Review: SS Mendi at NST City

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Chills to the bone whilst lifting the heart - an outstanding performance.

The sinking of the Titanic, which set sail from Southampton in 1912, is one of the most well-known and tragic maritime disasters; however less well known is the sinking of the SS Mendi. Dubbed the ‘Black Titanic’, the SS Mendi was carrying 823 South African men bound for the front lines to support the Allied troops during the First World War. In the heavy pre-dawn fog the SS Mendi was hit by merchant ship the Darro which was found to have been travelling “at a dangerously high speed in thick fog.” Not stopping to help the Darro sailed on, leaving three-quarters of the crew of the SS Mendi to drown.

In the final part of 14-18 NOW (a programme of arts commemorating the centenary of the First World War), the story of the SS Mendi has now been brought to the stage by the Cape Town-based Isango Ensemble. Directed by Mark Dornford-May, SS Mendi:  Dancing the Death Drill premiers at Nuffield Southampton Theatres (NST) City with original and intensely powerful live music and genuine and compelling performances. Adapted from the novel by Fred Khumalo, the hidden history of the black South African men who enlisted voluntarily or who were forced to, is revealed.

For any piece of art to stand the test of time there must be something truly and uniquely memorable about it. With the NST City’s opening production Shadow Factory it was the fantastic use of lighting and visual effects. With SS Mendi it is without a doubt the incredible live sound. Using marimbas, drums, their own bodies, and a whole range of other props the cast create all the music and sound effects live on stage. South African dustbins are used (UK dustbins just aren’t resilient enough apparently), water is poured, stirred, and splashed when at sea, and ‘night’ and ‘day’ sounds are created vocally by the company. Beyond the realism of the sound effects, the music throughout takes us on an emotional journey. Madisi Dyantyis, Music Director, has done an outstanding job, combining mournful and celebratory singing to bring goosebumps to the skin. SS Mendi brings together the African heritage and British military tradition which faced each crew member, in a powerful and sometimes discordant fusion. Even the choreography sees the fusion of the cultures with a combination of militaristic marching and African tribal ritual. In one clever scene you see the gradual conversion as the company’s traditional dance and song morphs slowly into a rigid British National anthem. The audience are warned of loud noises before the show however it doesn’t quite indicate the volume (and pitch) that will be reached so as a warning, if you are sensitive to noise then be aware that though outstanding this is often very loud and high-pitched.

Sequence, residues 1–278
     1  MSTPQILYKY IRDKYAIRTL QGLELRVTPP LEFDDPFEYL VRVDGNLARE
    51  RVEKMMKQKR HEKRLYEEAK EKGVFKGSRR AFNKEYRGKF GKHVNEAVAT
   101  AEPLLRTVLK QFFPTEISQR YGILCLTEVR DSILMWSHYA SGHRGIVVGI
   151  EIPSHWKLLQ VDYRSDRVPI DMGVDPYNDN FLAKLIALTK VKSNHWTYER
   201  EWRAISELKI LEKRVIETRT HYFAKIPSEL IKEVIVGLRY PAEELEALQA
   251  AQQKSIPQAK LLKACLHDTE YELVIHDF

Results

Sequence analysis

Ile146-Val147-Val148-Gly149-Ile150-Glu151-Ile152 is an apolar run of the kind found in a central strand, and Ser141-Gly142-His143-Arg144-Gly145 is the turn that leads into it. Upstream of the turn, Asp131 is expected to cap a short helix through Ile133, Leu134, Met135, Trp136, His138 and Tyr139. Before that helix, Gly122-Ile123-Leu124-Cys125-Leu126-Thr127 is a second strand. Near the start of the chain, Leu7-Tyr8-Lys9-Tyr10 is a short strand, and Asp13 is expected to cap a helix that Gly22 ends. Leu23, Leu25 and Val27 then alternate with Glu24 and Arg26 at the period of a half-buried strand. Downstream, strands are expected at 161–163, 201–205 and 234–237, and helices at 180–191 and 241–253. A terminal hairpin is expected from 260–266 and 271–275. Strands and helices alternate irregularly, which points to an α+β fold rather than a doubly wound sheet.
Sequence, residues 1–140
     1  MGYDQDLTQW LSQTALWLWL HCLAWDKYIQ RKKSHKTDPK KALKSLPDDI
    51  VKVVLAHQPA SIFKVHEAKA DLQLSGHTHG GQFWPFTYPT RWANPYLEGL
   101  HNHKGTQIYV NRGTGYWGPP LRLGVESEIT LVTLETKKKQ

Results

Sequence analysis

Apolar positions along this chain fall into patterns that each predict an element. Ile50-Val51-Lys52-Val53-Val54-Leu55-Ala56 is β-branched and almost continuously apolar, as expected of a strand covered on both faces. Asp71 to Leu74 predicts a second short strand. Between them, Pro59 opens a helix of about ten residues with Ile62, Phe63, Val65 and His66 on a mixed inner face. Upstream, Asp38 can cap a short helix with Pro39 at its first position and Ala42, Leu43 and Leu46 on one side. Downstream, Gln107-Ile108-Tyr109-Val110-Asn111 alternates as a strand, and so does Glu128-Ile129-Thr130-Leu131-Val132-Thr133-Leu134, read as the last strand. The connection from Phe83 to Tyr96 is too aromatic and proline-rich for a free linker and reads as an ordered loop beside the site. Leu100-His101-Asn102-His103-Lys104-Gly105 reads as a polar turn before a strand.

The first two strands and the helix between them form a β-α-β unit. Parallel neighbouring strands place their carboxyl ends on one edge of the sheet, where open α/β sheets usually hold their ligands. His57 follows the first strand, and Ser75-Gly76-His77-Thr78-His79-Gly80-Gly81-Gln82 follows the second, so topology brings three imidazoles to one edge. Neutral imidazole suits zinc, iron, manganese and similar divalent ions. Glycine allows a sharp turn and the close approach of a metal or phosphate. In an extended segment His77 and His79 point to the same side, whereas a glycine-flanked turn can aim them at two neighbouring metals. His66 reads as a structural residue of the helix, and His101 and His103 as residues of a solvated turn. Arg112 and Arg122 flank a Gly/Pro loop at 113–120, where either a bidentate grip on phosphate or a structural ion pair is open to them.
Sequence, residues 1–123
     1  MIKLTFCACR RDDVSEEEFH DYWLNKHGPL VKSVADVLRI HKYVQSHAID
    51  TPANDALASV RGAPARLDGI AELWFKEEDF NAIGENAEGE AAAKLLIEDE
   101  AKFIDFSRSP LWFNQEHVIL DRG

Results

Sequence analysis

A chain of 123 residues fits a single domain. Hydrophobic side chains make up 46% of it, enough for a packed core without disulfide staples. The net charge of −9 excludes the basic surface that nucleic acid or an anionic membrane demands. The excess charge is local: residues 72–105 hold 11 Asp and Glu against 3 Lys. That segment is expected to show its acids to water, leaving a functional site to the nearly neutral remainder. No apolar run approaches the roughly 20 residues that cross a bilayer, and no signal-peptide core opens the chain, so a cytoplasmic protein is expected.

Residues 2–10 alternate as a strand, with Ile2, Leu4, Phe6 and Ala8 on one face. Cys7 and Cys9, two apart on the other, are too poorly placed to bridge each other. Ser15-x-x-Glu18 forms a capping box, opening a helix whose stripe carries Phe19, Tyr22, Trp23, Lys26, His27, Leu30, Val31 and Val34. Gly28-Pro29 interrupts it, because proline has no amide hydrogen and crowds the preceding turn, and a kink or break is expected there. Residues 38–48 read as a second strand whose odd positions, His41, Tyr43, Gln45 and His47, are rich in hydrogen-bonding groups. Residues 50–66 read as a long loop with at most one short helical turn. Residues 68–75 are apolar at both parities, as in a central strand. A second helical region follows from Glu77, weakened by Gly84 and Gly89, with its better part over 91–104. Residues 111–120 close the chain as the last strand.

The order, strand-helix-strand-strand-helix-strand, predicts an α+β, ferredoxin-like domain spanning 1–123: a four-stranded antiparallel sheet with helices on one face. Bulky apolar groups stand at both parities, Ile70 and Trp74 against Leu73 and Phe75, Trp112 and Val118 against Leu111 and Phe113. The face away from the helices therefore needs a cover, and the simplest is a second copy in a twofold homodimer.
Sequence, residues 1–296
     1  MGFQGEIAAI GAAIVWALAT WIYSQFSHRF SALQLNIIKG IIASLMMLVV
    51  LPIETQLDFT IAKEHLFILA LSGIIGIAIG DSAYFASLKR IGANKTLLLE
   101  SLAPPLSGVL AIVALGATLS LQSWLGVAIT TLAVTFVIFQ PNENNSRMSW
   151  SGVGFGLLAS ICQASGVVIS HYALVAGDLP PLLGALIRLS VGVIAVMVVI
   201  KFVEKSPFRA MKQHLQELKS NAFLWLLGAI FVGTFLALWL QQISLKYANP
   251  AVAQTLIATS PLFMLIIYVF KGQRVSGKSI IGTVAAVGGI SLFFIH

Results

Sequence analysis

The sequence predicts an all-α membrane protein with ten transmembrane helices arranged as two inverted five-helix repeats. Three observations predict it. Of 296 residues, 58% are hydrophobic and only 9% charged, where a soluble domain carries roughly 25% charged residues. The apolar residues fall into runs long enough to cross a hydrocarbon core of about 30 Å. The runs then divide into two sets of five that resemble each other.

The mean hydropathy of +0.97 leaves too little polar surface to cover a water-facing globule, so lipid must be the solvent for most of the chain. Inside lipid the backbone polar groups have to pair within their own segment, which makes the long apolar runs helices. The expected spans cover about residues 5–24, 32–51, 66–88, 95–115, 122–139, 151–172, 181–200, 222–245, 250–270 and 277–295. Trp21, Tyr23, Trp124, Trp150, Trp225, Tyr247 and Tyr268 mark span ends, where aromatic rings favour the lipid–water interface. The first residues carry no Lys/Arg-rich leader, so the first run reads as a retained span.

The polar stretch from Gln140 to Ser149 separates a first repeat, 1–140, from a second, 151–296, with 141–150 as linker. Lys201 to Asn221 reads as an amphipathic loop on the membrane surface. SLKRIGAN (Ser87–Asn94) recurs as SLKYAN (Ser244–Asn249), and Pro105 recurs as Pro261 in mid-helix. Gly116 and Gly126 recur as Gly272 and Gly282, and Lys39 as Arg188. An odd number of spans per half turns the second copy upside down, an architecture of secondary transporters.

The highly talented cast bring not only their skill and artistic nature but also their passion and genuine emotion. In the final song several of the cast has tears in their eyes (as did many of the audience). Every character is introduced and played with such emotion that their message, heritage, and story is felt deeply by the audience and their loss is the more tragic. The final scene saw a standing ovation and I have not yet seen a show more deserving of one. It brings to life an educationally important story, poignantly and humorously – in perfect balance. Though its clear throughout that the story being told has an agenda, there are a few charged messages about race and class which at points felt a little pushed. However, when a story of this magnitude has been whitewashed from the history books, its first telling requires more purpose and force.

Though the story of the 823 men who boarded the SS Mendi, and the 616 who perished, may have gone largely unknown and forgotten for 100 years; SS Mendi: Dancing the Death Drill will ensure they are never forgotten again.

Watch the Trailer for SS Mendi Dancing the Death Drill below, it is on show at NST City until 14th July – get tickets here.  

 

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MChem Chemistry www.katjastout.co.uk

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